Toward the end of his life, Hitchens gained a deal of notoriety for his atheism, which is surely his least attractive quality, though it is in a way related to those traits that made him so admirable. Hitchens was no great philosophical thinker; the stands he took usually issued from the viscera, which is perhaps why he could be so passionately devoted to his causes. Such an m.o. works very well indeed when the topic at hand is the oppression of women under sharia law; it works less well when the topic is the existence of God, a question that has summoned some of the subtlest and most profound philosophical thought in the history of the West. Hitchens was a thorough-going atheist, and as a philosophical matter, atheism is simply untenable. At the very most, a person committed only to the merest logical consideration of the question can be an agnostic, because just as one cannot prove God's existence through logic, so neither can one disprove His existence, either. One can only go so far as to raise serious objections to the arguments for the existence of God, but calling into question His existence does not by any means prove conclusively that He doesn't exist. When Aquinas asserts that the universe must have a creator since everything we see has a cause, one can indeed respond with, "Then who made God?" But this problem with Aquinas' argument does not mean that God does not exist; and to anyone confidently asserting that He is not, one can always ask with Pascal, "Why is there something rather than nothing?" To this question the atheist has no response, nor can he ever have, and thus his confidence that God does not exist is a confidence based on nothing at all. For this reason, Hitchens' insouciance about the matter, though it was of a piece with his more attractive political convictions, was ultimately annoying because he uttered with such conviction assertions about which if he was certain then he was wrong. His commitment in the matter led him at times to foolish extremes, as when, having to defend in debate with Dinesh D'Souza the position that religion poisons everything, he explained away the horrors of the atheist regimes by using the utter sophism that Naziism and Communism were deeply religious at their core. Much better to have conceded uncertainty on the big question and not therefore have felt himself required to utter nonsense on the subsidiary points.

Had he done so, however, had he been more philosophically modest, he would not have been Hitch, the embodiment of common sense, whose instinctive understanding of right and wrong endowed his commitments not only with wit but with a strong emotional force. That emotional force, which runs throughout a rich and colorful life, animated his politics for good and his metaphysics for ill. May he rest in peace.

Thursday, December 15, 2011

Debate Tonight

Newt Gingrich I think took on water tonight as a result of the strong attacks on him from all sides because of his lobbying for Fannie Mae and Freddie Mac. His explanations were sophistic, and the attackers were able to speak much more clearly than he on the matter.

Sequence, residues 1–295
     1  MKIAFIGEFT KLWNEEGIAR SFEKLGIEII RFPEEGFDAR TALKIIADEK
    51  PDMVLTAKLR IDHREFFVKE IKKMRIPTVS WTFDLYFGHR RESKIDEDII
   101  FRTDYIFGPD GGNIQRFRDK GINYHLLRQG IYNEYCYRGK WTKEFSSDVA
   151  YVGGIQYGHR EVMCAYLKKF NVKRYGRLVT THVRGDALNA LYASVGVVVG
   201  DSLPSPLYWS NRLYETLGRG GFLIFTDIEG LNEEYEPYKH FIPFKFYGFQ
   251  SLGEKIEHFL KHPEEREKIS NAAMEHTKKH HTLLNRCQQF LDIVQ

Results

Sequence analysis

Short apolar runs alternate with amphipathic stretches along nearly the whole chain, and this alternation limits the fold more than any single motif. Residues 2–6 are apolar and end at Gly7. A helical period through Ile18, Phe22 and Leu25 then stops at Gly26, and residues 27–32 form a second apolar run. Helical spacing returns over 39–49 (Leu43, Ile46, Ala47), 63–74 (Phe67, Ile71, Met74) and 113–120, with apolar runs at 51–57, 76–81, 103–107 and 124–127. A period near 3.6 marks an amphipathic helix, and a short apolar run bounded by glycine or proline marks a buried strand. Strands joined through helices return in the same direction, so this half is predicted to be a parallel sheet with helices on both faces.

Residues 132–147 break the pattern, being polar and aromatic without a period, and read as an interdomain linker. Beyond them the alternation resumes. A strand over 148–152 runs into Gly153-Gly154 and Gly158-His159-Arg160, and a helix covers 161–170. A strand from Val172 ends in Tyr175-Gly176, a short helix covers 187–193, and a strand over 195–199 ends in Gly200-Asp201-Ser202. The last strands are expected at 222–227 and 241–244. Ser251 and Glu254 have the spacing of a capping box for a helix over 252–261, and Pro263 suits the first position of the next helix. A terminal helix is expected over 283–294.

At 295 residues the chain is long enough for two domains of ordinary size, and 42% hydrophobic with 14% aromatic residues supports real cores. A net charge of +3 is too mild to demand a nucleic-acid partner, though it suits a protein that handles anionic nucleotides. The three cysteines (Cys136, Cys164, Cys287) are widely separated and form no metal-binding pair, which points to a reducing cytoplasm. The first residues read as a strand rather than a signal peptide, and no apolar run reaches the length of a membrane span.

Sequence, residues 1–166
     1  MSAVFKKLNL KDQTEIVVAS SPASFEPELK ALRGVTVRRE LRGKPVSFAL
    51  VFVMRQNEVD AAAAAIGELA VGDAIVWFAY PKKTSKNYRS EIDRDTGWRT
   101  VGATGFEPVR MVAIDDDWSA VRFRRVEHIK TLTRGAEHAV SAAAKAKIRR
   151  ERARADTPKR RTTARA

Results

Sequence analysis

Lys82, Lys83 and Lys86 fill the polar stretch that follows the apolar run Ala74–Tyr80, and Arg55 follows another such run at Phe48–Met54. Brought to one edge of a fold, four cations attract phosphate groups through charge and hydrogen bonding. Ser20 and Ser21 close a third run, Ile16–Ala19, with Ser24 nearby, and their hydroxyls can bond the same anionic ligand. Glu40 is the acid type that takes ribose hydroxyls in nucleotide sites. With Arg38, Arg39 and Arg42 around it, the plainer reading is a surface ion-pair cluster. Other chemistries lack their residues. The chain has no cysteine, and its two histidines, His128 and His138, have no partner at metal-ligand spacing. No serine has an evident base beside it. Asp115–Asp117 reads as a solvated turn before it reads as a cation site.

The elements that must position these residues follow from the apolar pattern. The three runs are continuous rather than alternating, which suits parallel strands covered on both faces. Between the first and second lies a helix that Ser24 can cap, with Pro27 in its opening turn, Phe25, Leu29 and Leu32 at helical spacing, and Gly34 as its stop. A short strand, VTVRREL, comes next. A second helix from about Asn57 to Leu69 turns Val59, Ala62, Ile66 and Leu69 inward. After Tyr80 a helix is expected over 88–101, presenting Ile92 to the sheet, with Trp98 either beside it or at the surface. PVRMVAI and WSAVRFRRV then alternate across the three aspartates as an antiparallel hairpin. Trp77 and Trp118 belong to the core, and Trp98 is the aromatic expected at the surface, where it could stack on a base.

I think that Newt Gingrich has floated an interesting idea about how to rein in the courts. He certainly gave a very strong answer to Megyn Kelly's skeptical question by citing the precedent of Thomas Jefferson firing eighteen federal judges. I think that Michelle Bachmann showed her stature by not attacking Gingrich on this matter simply in order to gain attention. I think too that Romney's answer was weak: unless I misheard, he indicated that Congess is not supposed to oversee the judicial branch. (One possible alternative response to Gingrich might have been that the best answer to the problem is not so radically to interfere with the courts but to nominate--and fight tooth and nail for the confirmation of--wise judges.) Ron Paul's assertion that all the justices on the Supreme Court are good and bad is a bit childish. In what serious sense is Justice Thomas bad; in what legal sense at all is Justice Ginsburg good? Kudos to Megyn Kelly, however, for posing questions on such an important matter.

Ron Paul is now arguing that there is no evidence that Iran is soon to get a nuclear weapon. He may be right, but he might be wrong. "I would say the greatest danger is that we would overreact," he just said, but isn't the greater danger that Iran will get a nuclear weapon? Just now Paul has paraphrased the CIA as saying that radical Muslims come here and want to harm us because we are bombing them. Really? 9-11 occurred because we were bombing the Muslim world? Incidentally, I am glad that Bachmann cited the IAEA report that asserts Iran is about to gain a nuclear weapon and that Paul flatly disputed her point. We should know tomorrow who was correct.

I'm not sure I understand what Rick Santorum's purpose is in this campaign. Michelle Bachmann represents the solid conservative position more ably and attractively than does he; all he does is split that vote, which otherwise would be showing more strongly than it is at the moment.
If it were to show more strongly, it would gain more media attention and might grow stronger still.

Great answer by Gingrich on the matter of the Keystone pipeline and the way in which the current Administration is tied in knots in ways which hurt the nation because of his reelection campaign. Michelle Bachmann made the same point with less dramatic language.